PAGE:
Katherine Daniels explores the archetypal ideals of gardens in paradise through beaded mixed-media sculptures, installations and public art works. She creates immersive environments that heighten awareness of natural structures, and through adornment and repetition her work is a meditation on our relationship to paradise as a physical and emotional setting. Daniels body of work has an iconographic facet that pays homage to natural forms in nature that may expire over time due to human neglect towards the environment.
Daniels grew up in West Virginia watching her mother knit and sew and incorporated both, as well as beading, into her paintings. She also employs beads to reference prayer, contemplation, craft and Hindi and Yoruba cultures, forming the beads similar to a painting in three dimensions. Daniels states, “These paradisiacal gardens represent the human need to counter our acts of destruction by creating and cultivating beauty”.
Daniels recreates a metaphorical garden out of discarded, repurposed or recycled materials and sewing notions, and with these materials performs a ritual that reconsiders these previously discarded pieces, together with the ideals of beauty in nature. Her installations are meditations on opulence and wonder, referencing ornamental styles such as quilts from Daniels’ Appalachian roots, Islamic and Asian textiles, as well as the Sistine Chapel and Versailles. From disparate elements and materials Daniels creates forms that are lush, pleasurable, and that highlight the riotous and essential aspects of nature and the garden.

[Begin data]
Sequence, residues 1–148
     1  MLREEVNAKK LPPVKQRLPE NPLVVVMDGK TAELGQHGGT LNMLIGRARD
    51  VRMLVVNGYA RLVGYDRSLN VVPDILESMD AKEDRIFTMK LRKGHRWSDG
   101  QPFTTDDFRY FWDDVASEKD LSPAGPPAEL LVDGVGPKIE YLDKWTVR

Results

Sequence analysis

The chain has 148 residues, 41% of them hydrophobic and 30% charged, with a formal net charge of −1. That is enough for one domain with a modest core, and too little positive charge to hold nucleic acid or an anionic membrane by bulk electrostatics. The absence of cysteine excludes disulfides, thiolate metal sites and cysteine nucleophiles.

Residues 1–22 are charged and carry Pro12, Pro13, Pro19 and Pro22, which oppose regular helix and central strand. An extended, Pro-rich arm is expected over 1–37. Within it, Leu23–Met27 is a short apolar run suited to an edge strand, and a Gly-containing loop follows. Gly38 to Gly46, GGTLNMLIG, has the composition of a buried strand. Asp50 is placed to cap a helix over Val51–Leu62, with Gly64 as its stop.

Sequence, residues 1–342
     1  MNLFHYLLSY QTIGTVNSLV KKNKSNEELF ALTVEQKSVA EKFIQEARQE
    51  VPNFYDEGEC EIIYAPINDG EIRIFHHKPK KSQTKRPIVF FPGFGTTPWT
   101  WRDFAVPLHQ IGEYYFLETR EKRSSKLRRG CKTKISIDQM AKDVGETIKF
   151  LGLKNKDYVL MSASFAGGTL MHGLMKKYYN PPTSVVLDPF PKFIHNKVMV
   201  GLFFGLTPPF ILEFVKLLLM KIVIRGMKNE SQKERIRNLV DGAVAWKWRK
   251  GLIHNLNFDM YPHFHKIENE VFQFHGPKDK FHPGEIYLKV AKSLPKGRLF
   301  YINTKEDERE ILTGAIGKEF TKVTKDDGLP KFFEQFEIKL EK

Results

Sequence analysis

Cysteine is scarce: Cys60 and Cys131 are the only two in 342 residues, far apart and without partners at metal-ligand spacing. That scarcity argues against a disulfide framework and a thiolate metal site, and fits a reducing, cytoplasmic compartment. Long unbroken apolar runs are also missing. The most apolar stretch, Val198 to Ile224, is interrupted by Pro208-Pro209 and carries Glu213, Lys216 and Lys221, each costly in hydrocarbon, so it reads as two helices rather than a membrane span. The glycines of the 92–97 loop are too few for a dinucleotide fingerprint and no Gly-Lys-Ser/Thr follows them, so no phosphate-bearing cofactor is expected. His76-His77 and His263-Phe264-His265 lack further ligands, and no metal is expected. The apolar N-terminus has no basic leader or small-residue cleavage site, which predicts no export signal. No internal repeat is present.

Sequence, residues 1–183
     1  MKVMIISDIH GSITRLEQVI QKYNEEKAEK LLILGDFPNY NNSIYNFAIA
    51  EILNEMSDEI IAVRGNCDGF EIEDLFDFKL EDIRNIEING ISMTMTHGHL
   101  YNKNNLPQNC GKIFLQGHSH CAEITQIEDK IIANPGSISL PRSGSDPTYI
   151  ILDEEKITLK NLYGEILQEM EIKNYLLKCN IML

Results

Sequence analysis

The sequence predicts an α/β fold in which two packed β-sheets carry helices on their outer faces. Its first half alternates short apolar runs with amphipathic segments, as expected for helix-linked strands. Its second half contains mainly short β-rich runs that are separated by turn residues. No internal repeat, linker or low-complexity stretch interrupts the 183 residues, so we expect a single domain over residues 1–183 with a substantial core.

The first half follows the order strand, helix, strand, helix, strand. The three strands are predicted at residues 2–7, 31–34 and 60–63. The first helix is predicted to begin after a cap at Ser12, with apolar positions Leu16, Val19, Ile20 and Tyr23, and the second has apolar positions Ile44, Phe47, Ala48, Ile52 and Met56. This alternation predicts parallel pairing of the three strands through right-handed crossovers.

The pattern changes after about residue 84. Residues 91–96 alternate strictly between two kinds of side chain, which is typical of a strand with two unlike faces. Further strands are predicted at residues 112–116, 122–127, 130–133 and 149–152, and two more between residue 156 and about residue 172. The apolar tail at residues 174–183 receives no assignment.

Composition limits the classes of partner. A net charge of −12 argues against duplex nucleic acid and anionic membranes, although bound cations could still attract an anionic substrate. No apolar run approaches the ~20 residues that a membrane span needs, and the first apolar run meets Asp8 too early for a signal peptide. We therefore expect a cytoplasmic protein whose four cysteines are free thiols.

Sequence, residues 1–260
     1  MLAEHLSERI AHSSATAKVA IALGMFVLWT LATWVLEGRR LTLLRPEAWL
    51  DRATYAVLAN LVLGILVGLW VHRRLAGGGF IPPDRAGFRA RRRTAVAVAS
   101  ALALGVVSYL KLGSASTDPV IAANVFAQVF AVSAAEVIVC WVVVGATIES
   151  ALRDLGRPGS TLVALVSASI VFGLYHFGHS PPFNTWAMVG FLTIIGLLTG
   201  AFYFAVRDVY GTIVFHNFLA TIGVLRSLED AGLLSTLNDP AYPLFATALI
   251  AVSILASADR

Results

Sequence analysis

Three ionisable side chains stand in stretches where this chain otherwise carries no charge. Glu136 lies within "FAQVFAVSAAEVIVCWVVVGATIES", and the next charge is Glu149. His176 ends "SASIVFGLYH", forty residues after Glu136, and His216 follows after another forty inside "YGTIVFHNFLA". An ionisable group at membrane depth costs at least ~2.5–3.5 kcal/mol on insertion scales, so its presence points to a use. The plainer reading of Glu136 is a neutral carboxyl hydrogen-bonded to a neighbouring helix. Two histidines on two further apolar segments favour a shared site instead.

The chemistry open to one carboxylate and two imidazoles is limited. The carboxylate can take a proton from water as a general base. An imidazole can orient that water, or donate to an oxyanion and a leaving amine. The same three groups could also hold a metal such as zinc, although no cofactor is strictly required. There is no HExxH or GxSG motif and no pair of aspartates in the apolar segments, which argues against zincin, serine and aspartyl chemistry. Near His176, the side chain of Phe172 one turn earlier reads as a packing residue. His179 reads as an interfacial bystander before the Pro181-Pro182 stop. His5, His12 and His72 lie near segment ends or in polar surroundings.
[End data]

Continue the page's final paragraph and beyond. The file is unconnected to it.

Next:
About the artist: Ms. Daniels is currently exhibiting the site-specific installation Ornamental Paths at Joyce Kilmer Park in the Bronx, NY as part of the 2012 Claire Weiss Emerging Artist Award. In December she will be installing the fence weaving St. Nicholas Park Mesh in St. Nicholas Park in Harlem, New York with the support of a LMCC, MCAF grant. She has also been awarded AIM 30 participation at the Bronx Museum, a P.S. 122 Project Studio, an Artist-in-Residency at the Henry Street Settlement, a Marie Walsh Sharpe Art Foundation The Space Program grant and a New York Foundation for the Arts Fellowship in Painting. She holds a B.F.A. in Painting from Rhode Island School of Design and a M.F.A. in Painting from Johnson State College. She was raised in Huntington, West Virginia and now lives and works in New York City.
About the Gallery: Station Independent Projects organizes exhibitions and events with a focus on artist advocacy. Station Independent Projects specializes in discovering new emerging and mid-career artists who are not represented by galleries and organizes shows to connect artists to broader audiences. Before opening the gallery in the Lower East Side, Station Independent Projects had organized exhibitions in the New York City area for over ten years with numerous New York galleries, art fairs and non-profits.